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Vol. 34. Issue 9.
Pages 563-572 (November - December 2019)
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344
Vol. 34. Issue 9.
Pages 563-572 (November - December 2019)
Original article
DOI: 10.1016/j.nrleng.2017.05.007
Open Access
Validation of a Spanish-language version of the ADHD Rating Scale IV in a Spanish sample
Validación de la versión en español de la escala de evaluación del trastorno por déficit de atención e hiperactividad (ADHD-RS-IV.es) en una muestra española
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M. Vallejo-Valdivielsoa,
Corresponding author
mvvaldiviel@unav.es

Corresponding author.
, C.A. Soutulloa,b,c, P. de Castro-Manglanoa,b,c, J.J. Marín-Méndeza,c, A. Díez-Suáreza,c
a Unidad de Psiquiatría Infantil y Adolescente, Departamento de Psiquiatría y Psicología Médica, Clínica Universidad de Navarra, Pamplona, Navarra, Spain
b Unidad de Psiquiatría Infantil y Adolescente, Departamento de Psiquiatría y Psicología Médica, Clínica Universidad de Navarra, Madrid, Spain
c Instituto de Investigación Sanitaria de Navarra (IDISNA), Navarra, Pamplona, Spain
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Tables (4)
Table 1. The Spanish-language version of the ADHD-RS-IV used in this study.
Table 2. Scores for each ADHD-RS-IV.es item in patients (N=518) and controls (N=134).
Table 3. Optimal cut-off points (for the total samples and subgroups) and corresponding percentiles from the normative data.
Table 4. Comparison of our results and those of other studies.
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Abstract
Objectives

The purpose of this study is to validate a Spanish-language version of the 18-item ADHD Rating Scale-IV (ADHD-RS-IV.es) in a Spanish sample.

Methods

From a total sample of 652 children and adolescents aged 6 to 17 years (mean age was 11.14±3.27), we included 518 who met the DSM-IV-TR criteria for ADHD and 134 healthy controls. To evaluate the factorial structure, validity, and reliability of the scale, we performed a confirmatory factor analysis (CFA) using structural equation modelling on a polychoric correlation matrix and maximum likelihood estimation. The scale's discriminant validity and predictive value were estimated using ROC (receiver operating characteristics) curve analysis.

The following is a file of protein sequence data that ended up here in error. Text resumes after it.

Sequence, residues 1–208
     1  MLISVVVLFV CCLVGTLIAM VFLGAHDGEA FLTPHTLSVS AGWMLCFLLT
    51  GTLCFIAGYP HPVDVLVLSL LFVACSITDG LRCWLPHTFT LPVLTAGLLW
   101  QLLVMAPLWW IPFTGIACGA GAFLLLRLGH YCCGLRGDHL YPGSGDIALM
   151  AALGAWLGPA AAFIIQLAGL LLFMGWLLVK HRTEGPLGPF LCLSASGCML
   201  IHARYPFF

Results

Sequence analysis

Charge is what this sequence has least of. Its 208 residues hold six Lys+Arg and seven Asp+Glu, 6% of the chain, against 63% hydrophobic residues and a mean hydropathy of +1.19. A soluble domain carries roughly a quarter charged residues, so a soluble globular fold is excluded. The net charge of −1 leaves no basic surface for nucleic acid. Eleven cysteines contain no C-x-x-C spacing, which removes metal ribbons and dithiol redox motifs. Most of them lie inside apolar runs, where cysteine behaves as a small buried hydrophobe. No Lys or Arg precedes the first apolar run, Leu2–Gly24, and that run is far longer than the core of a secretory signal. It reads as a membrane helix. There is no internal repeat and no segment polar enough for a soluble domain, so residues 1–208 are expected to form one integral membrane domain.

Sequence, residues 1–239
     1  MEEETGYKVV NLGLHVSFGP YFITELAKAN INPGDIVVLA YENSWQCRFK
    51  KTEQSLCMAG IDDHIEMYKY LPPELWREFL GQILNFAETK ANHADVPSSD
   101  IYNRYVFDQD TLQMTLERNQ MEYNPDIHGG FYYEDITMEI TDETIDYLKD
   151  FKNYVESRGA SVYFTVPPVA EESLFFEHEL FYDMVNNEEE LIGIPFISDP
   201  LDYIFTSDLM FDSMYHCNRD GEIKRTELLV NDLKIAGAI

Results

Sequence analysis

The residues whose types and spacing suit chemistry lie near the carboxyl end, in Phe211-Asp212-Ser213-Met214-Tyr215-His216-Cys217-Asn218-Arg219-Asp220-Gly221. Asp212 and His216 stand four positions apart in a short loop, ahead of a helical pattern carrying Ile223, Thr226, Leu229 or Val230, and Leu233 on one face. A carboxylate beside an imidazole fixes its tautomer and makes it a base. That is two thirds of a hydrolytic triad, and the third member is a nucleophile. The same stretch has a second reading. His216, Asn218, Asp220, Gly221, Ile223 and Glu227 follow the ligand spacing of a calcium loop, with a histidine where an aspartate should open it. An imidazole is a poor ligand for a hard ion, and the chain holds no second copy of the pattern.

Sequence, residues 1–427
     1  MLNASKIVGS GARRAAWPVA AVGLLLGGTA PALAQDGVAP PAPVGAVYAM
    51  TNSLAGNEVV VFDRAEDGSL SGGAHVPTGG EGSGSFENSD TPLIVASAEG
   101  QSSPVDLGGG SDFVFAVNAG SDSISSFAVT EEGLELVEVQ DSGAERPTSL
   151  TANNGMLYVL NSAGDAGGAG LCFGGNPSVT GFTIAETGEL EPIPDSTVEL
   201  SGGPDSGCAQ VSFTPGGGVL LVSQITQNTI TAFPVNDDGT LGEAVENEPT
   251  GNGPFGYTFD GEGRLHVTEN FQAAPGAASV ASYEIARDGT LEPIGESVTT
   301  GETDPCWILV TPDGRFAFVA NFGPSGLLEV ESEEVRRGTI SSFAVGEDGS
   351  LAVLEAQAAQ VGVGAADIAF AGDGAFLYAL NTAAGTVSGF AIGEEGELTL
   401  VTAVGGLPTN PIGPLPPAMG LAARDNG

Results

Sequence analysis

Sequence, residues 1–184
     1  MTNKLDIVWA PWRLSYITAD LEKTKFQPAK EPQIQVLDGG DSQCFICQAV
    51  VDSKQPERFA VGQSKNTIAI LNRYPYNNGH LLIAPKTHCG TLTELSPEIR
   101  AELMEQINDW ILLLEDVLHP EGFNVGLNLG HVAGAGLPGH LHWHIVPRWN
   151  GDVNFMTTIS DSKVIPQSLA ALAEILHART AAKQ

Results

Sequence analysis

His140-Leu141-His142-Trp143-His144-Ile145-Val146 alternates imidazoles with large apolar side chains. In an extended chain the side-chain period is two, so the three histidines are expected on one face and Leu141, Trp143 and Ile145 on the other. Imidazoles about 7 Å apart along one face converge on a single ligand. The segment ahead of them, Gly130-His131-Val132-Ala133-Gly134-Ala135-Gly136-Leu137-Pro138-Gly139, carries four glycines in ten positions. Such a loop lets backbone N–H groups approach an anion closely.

Results

Both the full scale and the subscales of the Spanish-language version of the ADHD-RS-IV showed good internal consistency. Cronbach's alpha was 0.94 for the full scale and ≥ 0.90 for the subscales, and ordinal alpha was 0.95 and ≥ 0.90, respectively. CFA showed that a two-factor model (inattention and hyperactivity/impulsivity) provided the best fit for the data. ADHD-RS-IV.es offered good discriminant ability to distinguish between patients with ADHD and controls (AUC=0.97).

Conclusions

The two-factor structure of the Spanish-language version of the ADHD-RS-IV (ADHD-RS-IV.es) is consistent with those of the DSM-IV-TR and DSM-5 as well as with the model proposed by the author of the original scale. Furthermore, it has good discriminant ability. ADHD-RS-IV.es is therefore a valid and reliable tool for determining presence and severity of ADHD symptoms in the Spanish population.

Keywords:
Attention-deficit/hyperactivity disorder
Assessment
Attention-deficit/hyperactivity disorder rating scale
Attention-Deficit/Hyperactivity Disorder Rating Scale
Resumen
Objetivos

El objetivo de este estudio es validar la versión en castellano del ADHD-RS-IV (ADHD-RS-IV.es) en una muestra española.

Métodos

A partir de una muestra total de 652 niños y adolescentes (rango edad: 6-17 años; media [DE]=11,14 [3,27] años), se incluyó a 518 pacientes con TDAH (criterios DSM-IV-TR) y a 134 controles sanos. Para la evaluación de la estructura factorial, la validez y la fiabilidad de la escala se realizó un análisis factorial confirmatorio (CFA) mediante structural equation modelling en una matriz de correlaciones policóricas, y usando el método de máxima verosimilitud para la estimación. Se calcularon la validez discriminante y su valour predictivo mediante curvas receiver operating characteristics.